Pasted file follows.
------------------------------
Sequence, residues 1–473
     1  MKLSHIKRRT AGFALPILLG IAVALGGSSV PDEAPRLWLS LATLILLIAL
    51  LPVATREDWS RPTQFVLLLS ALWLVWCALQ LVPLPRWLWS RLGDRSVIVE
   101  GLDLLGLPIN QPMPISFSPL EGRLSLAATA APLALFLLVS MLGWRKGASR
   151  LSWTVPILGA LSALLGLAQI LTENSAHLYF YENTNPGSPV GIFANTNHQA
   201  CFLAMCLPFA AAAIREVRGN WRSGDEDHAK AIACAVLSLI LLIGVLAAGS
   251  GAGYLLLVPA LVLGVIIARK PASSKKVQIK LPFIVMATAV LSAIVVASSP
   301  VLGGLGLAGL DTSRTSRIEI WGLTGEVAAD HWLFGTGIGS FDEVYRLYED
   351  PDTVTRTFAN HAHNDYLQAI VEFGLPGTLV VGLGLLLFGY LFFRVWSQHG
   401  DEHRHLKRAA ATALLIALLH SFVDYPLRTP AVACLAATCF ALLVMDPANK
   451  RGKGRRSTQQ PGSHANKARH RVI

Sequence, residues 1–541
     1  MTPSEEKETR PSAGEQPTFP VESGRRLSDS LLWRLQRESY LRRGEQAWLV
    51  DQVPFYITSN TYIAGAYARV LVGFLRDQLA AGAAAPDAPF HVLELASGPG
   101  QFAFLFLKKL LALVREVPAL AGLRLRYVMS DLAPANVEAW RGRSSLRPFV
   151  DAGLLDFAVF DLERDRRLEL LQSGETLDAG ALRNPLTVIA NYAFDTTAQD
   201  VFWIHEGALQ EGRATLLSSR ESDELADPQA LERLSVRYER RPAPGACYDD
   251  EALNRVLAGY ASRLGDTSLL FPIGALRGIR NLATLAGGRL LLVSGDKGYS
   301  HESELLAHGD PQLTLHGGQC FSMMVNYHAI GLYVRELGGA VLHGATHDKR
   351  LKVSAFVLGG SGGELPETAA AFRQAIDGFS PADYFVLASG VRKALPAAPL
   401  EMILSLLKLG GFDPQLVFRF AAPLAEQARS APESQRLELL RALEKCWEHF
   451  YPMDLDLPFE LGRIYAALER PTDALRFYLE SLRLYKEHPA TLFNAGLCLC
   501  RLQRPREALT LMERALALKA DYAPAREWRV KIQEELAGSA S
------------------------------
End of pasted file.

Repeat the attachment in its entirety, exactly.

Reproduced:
Sequence, residues 1–473
     1  MKLSHIKRRT AGFALPILLG IAVALGGSSV PDEAPRLWLS LATLILLIAL
    51  LPVATREDWS RPTQFVLLLS ALWLVWCALQ LVPLPRWLWS RLGDRSVIVE
   101  GLDLLGLPIN QPMPISFSPL EGRLSLAATA APLALFLLVS MLGWRKGASR
   151  LSWTVPILGA LSALLGLAQI LTENSAHLYF YENTNPGSPV GIFANTNHQA
   201  CFLAMCLPFA AAAIREVRGN WRSGDEDHAK AIACAVLSLI LLIGVLAAGS
   251  GAGYLLLVPA LVLGVIIARK PASSKKVQIK LPFIVMATAV LSAIVVASSP
   301  VLGGLGLAGL DTSRTSRIEI WGLTGEVAAD HWLFGTGIGS FDEVYRLYED
   351  PDTVTRTFAN HAHNDYLQAI VEFGLPGTLV VGLGLLLFGY LFFRVWSQHG
   401  DEHRHLKRAA ATALLIALLH SFVDYPLRTP AVACLAATCF ALLVMDPANK
   451  RGKGRRSTQQ PGSHANKARH RVI

Sequence, residues 1–541
     1  MTPSEEKETR PSAGEQPTFP VESGRRLSDS LLWRLQRESY LRRGEQAWLV
    51  DQVPFYITSN TYIAGAYARV LVGFLRDQLA AGAAAPDAPF HVLELASGPG
   101  QFAFLFLKKL LALVREVPAL AGLRLRYVMS DLAPANVEAW RGRSSLRPFV
   151  DAGLLDFAVF DLERDRRLEL LQSGETLDAG ALRNPLTVIA NYAFDTTAQD
   201  VFWIHEGALQ EGRATLLSSR ESDELADPQA LERLSVRYER RPAPGACYDD
   251  EALNRVLAGY ASRLGDTSLL FPIGALRGIR NLATLAGGRL LLVSGDKGYS
   301  HESELLAHGD PQLTLHGGQC FSMMVNYHAI GLYVRELGGA VLHGATHDKR
   351  LKVSAFVLGG SGGELPETAA AFRQAIDGFS PADYFVLASG VRKALPAAPL
   401  EMILSLLKLG GFDPQLVFRF AAPLAEQARS APESQRLELL RALEKCWEHF
   451  YPMDLDLPFE LGRIYAALER PTDALRFYLE SLRLYKEHPA TLFNAGLCLC
   501  RLQRPREALT LMERALALKA DYAPAREWRV KIQEELAGSA S